Gizmodo's NASA Scientists Find More Subsurface Lakes on Mars links to Characteristics of the Basal Interface of the Martian South Polar Layered Deposits (paywalled, but there is this 52nd Lunar and Planetary Science Conference 2021 conference proceeding by the same authors at the same time)
Water is suspected when there's a region of "shiny" subsurface material reflecting modulated radar pulses (subsurface radar). There are some nice subsurface radar images of ice layers in Mars in this answer to What's the scientific evidence of water for return trip methalox on Mars?.
But what is it that allows one to distinguish with substantial certainty that either reflections from ice, or from these newer "subsurface lakes" are not coming from dispersed metallic particulates or geological structures?
The reasons that ice and liquid water can return reflections are a little complicated, but include that that the individual molecules are polar so the ice or water-containing material is polarizable (dielectric or Fresnel reflection) and also that brackish water is nicely conductive so it can act more like metal in that the wave induces a current and that re-radiates back with specular-like directivity as long as you are below the plasma frequency.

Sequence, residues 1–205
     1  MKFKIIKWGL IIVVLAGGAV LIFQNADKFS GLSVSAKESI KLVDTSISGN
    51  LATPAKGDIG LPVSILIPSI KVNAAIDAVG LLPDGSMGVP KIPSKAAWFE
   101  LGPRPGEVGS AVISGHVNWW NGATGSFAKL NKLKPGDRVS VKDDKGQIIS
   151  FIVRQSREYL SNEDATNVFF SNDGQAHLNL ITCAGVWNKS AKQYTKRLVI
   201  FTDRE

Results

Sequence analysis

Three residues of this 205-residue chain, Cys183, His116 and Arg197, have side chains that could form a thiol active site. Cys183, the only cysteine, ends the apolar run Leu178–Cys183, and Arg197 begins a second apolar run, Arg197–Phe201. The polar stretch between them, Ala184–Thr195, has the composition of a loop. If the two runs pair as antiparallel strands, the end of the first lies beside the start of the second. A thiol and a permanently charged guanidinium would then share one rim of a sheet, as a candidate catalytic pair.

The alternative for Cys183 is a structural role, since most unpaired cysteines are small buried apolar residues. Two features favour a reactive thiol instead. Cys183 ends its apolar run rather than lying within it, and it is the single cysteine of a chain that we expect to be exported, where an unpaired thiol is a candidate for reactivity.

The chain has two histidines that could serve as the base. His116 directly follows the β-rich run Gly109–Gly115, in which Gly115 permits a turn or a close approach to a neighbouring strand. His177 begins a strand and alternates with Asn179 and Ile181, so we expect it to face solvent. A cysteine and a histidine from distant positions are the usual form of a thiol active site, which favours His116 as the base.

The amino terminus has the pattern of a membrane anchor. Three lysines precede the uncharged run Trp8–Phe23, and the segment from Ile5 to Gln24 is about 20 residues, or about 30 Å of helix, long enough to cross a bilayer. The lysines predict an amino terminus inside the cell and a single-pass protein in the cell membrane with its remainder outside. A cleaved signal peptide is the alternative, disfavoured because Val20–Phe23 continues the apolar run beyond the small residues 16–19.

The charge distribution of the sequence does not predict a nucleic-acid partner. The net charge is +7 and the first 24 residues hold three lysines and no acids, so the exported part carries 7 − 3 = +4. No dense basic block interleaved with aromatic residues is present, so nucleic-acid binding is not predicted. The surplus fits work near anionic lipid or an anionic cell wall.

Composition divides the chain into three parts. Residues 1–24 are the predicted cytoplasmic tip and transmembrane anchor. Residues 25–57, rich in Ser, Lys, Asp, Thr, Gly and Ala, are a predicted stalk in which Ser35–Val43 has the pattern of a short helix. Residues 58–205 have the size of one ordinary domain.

Some minerals can have high dielectric constants and those containing metal particle (e.g. pyrite) can have conductivities comparable to salt water.
Question: How do they know the sub-surface radar reflections (potential underground ice or "lakes") on Mars are not natural dielectric or metallic in origin?
From the University of British Columbia's Geophysical inversion facility page Geophysics foundations: Physical properties: Electrical resistivity of geologic materials
Of all the geophysical properties of rocks, electrical resistivity is by far the most variable. Values ranging as much as 10 orders of magnitude may be encountered, and even individual rock types can vary by several orders of magnitude. The next figure is a representative chart (adapted from [Palacky, 19871 illustrates very generally how the resistivities of important rock groups compare to each other. This type of figure is given in most texts on applied geophysics.
1Palacky, G.V. (1987), Resistivity characteristics of geologic targets, in Electromagnetic Methods in Applied Geophysics, Vol 1, Theory, 1351
presumably "massive sulphides" includes pyrite formations (FeS2 crystals)